A citizen advisory group at the Minnesota Pollution Control Agency (MPCA) has collapsed following the regulator’s decision to issue a water-quality permit to Enbridge Energy for its Line 3 oil pipeline cutting through Minnesota.
The bulk of the agency’s Environmental Justice Advisory Group has resigned in protest over the permitting decision, saying in a letter Tuesday to MPCA Commissioner Laura Bishop that “we cannot continue to legitimize and provide cover for the MPCA’s war on Black and brown people.”
A dozen of the board’s 17 members signed the letter, which called the water-quality permit the “final straw” in a series of MPCA actions that they said sidelined the advisory group. Among those resigning is Winona LaDuke, a member of the White Earth Band of Ojibwe and executive director of Honor the Earth who strongly opposes the pipeline.
In an interview, LaDuke called the decision “a slap in the face.”
“The people who are most impacted are Indigenous people, and for seven years we have tried to make the system work,” she said. “If the MPCA actually valued Indigenous people and environmental justice they would not have issued that permit.”
LaDuke called her four years on the advisory group “a waste of time.”
Commissioner Bishop issued a statement praising the board for making a “significant” difference at the state agency.
“I recognize the disappointment of some advisory group members regarding the Line 3 decision,” Bishop said. “The MPCA will continue to eliminate and reverse environmental and health inequities and disparities in overburdened communities and ensure engagement remains at the forefront of our decisionmaking.”
The environmental justice advisory group was created in 2016 by former MPCA Commissioner John Linc Stine, with unpaid members appointed by the commissioner. Many members work for advocacy groups or nonprofits. The group currently meets with the commissioner every other month for about 1 ½ hours, it said.
The state Public Utilities Commission is the primary regulator of pipelines in Minnesota, but last week the MPCA issued Enbridge a crucial permit for the project known as a “401 water quality certification.” Denying such a permit could derail a project.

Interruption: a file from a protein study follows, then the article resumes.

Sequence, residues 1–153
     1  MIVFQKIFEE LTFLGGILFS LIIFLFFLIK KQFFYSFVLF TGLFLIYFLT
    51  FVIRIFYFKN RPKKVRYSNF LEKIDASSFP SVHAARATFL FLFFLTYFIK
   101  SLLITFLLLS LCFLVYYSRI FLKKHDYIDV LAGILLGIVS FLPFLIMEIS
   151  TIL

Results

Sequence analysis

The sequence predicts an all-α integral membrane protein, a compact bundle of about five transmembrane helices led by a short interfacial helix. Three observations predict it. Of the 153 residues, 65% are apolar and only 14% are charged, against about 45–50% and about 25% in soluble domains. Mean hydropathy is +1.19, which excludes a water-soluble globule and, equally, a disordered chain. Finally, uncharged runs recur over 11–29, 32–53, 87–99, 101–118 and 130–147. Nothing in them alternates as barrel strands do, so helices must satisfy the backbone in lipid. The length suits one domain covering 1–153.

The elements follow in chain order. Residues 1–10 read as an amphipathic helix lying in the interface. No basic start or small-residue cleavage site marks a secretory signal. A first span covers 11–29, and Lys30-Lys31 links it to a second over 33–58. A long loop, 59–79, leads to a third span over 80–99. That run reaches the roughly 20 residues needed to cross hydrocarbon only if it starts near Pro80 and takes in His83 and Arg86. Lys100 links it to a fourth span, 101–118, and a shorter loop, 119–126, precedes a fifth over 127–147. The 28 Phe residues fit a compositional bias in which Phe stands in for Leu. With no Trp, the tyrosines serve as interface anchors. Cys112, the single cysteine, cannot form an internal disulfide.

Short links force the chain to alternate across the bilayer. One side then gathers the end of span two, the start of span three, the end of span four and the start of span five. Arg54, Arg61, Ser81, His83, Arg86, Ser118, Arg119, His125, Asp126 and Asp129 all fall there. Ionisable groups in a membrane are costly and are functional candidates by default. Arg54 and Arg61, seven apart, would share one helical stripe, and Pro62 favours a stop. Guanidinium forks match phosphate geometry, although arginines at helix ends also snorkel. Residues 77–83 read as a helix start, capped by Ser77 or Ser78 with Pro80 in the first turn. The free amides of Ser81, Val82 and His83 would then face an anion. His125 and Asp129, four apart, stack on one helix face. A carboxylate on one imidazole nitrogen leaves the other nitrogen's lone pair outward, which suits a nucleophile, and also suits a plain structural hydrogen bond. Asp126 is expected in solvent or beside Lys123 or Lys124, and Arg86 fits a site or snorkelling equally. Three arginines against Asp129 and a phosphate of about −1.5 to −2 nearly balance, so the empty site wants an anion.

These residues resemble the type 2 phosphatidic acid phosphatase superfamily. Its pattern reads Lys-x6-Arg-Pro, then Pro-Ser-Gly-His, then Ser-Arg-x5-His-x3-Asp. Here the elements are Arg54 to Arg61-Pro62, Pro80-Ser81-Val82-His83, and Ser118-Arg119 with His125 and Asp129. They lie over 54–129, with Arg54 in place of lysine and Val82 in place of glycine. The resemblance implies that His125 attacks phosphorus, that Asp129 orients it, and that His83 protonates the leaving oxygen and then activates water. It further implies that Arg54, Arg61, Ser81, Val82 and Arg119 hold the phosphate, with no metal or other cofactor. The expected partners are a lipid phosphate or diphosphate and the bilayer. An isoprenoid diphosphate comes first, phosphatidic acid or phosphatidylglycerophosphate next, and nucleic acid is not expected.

The certification takes its name from Section 401 of the country’s Clean Water Act, and regulates pollutants discharged into nearby waters.
The $2.6 billion Line 3 oil pipeline would cut underground across northern Minnesota, crossing more than 200 streams, and affect more than 700 acres of wetlands as it carries oil from tar sands in Canada to Enbridge’s terminal in Superior, Wis. The company says it needs the new pipeline to replace one that’s worn.
Opponents say the project represents an unacceptable risk to the Native American tribes whose land and wild rice stands it crosses, and undermines the state’s climate change goals to reduce greenhouse gas emissions from burning fossil fuels.
A number of groups challenged drafts of the water-quality permits last winter in a contested case hearing — including Friends of the Headwaters, Honor the Earth, the Sierra Club and the Red Lake and White Earth Ojibwe bands — but an administrative law judge sided with the MPCA. Meanwhile, three tribes are fighting the project in court for violating treaty rights.
The MPCA last week said the permit it issued to Enbridge was “its most stringent 401 water quality certification to date.” It listed nearly three dozen conditions. For example, it prohibits releasing drilling mud into any water or wetlands, and bans construction in or near wild-rice waters or sensitive wetlands between April 1 and mid-July.
The permit does touch on pipeline operation. One condition says Enbridge must not discharge any crude oil from the pipeline into nearby waters, including groundwater, and that if it does it must immediately notify the state Department of Public Safety and MPCA, and clean it up.
Steve Morse, executive director of the Minnesota Environmental Partnership, said the MPCA took too narrow a view of its role in considering the 401 permit. He said the agency could have denied the permit on the grounds that construction alone of such a project would have caused unavoidable degradation to state waters.
The regulator is “constrained by historic business as usual,” he said.
Staff writer Mike Hughlett contributed to this report.